FTC sues data broker for selling sensitive information, including abortion clinic visits
'Where consumers seek out health care, receive counseling, or celebrate their faith is private information that shouldn’t be sold to the highest bidder.'
The Federal Trade Commission announced yesterday that it is suing Kochava, an Idaho-based data marketing and analytics company, for selling millions of consumers’ private mobile device data. This data often contains sensitive geolocation information such as visits to reproductive health clinics, places of worship, as well as homeless and domestic abuse shelters. In the complaint, the FTC accuses Kochava of knowingly marketing and subsequently selling customized consumer data troves to third party businesses that include targeted information like timestamped longitude and latitude coordinates—details which could potentially be used to track, stalk, or even physical harm intended victims.
“Where consumers seek out health care, receive counseling, or celebrate their faith is private information that shouldn’t be sold to the highest bidder,” said Samuel Levine, Director of the FTC’s Bureau of Consumer Protection. “The FTC is taking Kochava to court to protect people’s privacy and halt the sale of their sensitive geolocation information.”
[Related: Yelp will flag anti-abortion pregnancy centers in its local listings.]
Kochava claims its data caches allow businesses to better advertise and analyze their consumer demographics based on info like foot traffic, but as the FTC notes, its selling points go far beyond potentially improving sales numbers. For instance, observing a mobile device’s location at night likely infers its owner’s home address—when paired with property records, one could easily determine exactly who lives at the residence. This information could identify a person’s medical visits, if they attend religious services, and various other personal details. “In fact, the data broker has touted identifying households as one of the possible uses of its data in some marketing materials,” the FTC adds.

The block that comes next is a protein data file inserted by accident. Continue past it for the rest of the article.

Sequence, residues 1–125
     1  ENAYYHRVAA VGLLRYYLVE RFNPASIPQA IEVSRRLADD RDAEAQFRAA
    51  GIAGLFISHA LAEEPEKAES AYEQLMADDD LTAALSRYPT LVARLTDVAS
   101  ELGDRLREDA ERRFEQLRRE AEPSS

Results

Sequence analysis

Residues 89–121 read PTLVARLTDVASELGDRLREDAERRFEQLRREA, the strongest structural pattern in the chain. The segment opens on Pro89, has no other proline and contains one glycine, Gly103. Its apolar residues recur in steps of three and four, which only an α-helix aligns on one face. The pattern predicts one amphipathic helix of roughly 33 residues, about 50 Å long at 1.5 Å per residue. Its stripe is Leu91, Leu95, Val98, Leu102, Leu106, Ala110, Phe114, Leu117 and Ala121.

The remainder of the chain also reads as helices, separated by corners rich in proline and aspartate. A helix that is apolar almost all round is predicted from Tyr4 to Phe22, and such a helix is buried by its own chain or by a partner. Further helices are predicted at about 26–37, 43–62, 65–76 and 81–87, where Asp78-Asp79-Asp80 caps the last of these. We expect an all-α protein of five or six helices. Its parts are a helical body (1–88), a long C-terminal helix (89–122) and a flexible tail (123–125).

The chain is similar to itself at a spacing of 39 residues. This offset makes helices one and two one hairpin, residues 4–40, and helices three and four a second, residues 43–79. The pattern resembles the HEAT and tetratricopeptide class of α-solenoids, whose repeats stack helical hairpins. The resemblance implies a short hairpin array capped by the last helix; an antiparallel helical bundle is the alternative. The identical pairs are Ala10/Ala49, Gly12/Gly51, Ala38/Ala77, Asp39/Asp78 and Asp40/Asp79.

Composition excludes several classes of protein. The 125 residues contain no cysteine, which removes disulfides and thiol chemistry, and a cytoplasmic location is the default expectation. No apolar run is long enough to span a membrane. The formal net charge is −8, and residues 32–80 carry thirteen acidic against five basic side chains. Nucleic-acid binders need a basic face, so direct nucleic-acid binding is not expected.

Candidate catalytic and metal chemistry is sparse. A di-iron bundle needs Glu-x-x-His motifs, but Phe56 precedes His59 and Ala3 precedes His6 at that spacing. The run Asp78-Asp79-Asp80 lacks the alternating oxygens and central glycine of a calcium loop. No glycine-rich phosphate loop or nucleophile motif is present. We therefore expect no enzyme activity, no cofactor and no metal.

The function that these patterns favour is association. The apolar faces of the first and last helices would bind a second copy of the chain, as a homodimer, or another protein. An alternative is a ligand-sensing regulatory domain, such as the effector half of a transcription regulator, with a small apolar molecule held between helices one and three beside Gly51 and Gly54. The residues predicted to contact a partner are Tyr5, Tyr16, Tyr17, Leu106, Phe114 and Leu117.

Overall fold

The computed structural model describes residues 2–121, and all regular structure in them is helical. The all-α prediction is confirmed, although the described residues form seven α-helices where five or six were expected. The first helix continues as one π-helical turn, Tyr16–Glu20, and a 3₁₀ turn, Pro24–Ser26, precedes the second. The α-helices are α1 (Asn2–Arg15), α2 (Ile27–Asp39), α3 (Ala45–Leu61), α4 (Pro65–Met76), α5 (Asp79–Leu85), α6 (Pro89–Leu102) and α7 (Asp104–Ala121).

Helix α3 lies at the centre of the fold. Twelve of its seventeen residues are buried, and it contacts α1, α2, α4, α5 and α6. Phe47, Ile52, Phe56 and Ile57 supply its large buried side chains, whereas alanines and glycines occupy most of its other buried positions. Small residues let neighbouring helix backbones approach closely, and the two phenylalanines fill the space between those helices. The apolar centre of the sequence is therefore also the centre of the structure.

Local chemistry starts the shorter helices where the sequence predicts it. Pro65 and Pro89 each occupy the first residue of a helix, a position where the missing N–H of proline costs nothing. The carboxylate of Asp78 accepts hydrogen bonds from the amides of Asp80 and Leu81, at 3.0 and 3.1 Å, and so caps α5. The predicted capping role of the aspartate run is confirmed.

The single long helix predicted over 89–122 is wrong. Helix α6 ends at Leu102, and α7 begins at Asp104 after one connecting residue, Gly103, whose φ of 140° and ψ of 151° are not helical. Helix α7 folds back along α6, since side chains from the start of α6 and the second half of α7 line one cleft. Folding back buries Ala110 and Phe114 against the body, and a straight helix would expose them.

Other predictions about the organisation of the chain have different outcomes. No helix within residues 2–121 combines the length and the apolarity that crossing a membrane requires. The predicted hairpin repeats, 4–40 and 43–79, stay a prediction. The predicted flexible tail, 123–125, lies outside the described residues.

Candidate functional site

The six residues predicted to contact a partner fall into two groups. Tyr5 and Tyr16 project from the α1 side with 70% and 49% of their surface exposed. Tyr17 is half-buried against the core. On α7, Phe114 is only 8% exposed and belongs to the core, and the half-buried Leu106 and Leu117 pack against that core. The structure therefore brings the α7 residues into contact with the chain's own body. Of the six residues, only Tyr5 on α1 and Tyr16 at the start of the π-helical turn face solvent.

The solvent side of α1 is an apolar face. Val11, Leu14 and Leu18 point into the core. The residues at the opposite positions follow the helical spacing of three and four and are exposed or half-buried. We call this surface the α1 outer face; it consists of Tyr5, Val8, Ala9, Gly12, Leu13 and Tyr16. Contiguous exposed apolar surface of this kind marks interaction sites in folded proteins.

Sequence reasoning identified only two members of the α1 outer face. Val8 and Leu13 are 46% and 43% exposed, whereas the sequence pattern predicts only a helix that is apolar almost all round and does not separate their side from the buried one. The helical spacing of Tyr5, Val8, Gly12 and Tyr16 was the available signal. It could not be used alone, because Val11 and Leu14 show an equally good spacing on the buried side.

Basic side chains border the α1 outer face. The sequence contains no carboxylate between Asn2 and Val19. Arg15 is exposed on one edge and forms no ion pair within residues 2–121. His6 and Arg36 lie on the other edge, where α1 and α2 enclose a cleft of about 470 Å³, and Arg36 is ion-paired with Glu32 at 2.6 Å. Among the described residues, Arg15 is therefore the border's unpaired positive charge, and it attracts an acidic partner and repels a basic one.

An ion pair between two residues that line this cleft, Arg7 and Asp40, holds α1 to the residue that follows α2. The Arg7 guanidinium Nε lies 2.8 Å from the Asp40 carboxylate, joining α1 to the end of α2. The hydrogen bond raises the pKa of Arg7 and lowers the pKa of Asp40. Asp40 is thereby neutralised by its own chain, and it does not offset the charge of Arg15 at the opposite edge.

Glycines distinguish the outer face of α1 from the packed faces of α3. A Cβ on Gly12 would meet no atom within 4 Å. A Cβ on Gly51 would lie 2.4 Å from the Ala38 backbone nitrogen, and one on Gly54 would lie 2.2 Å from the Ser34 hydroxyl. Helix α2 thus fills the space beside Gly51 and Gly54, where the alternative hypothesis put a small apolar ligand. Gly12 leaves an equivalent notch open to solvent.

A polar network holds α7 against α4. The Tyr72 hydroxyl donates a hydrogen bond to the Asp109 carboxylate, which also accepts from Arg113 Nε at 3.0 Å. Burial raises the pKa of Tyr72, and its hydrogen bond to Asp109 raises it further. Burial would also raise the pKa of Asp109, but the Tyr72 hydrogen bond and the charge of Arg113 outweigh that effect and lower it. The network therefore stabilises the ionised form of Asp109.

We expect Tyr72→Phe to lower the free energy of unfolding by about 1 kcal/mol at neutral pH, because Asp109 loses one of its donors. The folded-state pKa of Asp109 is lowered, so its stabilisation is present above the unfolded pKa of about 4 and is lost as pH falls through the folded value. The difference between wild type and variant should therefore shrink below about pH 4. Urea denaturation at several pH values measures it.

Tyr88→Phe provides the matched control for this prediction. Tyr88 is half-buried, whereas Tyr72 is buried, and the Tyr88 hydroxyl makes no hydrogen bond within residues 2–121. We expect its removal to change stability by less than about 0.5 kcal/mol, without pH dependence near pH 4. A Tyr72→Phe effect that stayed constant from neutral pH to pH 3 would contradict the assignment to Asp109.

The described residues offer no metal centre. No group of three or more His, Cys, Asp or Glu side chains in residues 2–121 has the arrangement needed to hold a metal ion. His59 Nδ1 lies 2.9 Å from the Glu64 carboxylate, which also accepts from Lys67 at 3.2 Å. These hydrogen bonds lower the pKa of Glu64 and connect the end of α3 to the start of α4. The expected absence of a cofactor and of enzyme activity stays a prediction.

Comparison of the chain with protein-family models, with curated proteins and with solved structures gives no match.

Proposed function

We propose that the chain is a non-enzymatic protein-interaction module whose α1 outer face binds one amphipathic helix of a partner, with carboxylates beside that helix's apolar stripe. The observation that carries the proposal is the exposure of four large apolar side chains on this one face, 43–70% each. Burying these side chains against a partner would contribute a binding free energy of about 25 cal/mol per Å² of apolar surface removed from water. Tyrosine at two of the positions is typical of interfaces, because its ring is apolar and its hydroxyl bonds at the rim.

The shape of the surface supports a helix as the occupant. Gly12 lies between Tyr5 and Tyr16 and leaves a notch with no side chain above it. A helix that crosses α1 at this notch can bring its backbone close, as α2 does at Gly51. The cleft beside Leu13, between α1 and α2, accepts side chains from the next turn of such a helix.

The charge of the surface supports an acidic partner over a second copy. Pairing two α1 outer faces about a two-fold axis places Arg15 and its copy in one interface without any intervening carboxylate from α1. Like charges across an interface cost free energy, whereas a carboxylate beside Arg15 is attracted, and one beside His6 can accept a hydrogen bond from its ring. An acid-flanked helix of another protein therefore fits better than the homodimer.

The complaint notes that until at least June 2022, Kochava “allowed anyone with little effort to obtain a large sample of sensitive data and use it without restriction,” including timestamped location data of more than 61 million unique mobile devices in a single week. In a statement provided to NBC News, the general manager of Kochava’s online data marketplace countered that, “real progress to improve data privacy for consumers will not be reached through flamboyant press releases and frivolous litigation.”
[Related: How data brokers threaten your privacy.]
The lawsuit is a first for the FTC in the wake of the Supreme Court’s historic overruling of federal abortion access previously enshrined in Roe vs. Wade, and signals the agency’s desire to enshrine citizens’ data privacy rights. Earlier this summer, it was revealed that Facebook recently provided Nebraska law enforcement with a mother and daughter’s private direct message conversations pertaining to their planning and carrying out an abortion past the state’s legal time limit. Just two weeks ago, Kochava filed its own lawsuit against the FTC in advance of today’s announcement, claiming the agency was “wrongly threatening” the company with legal action.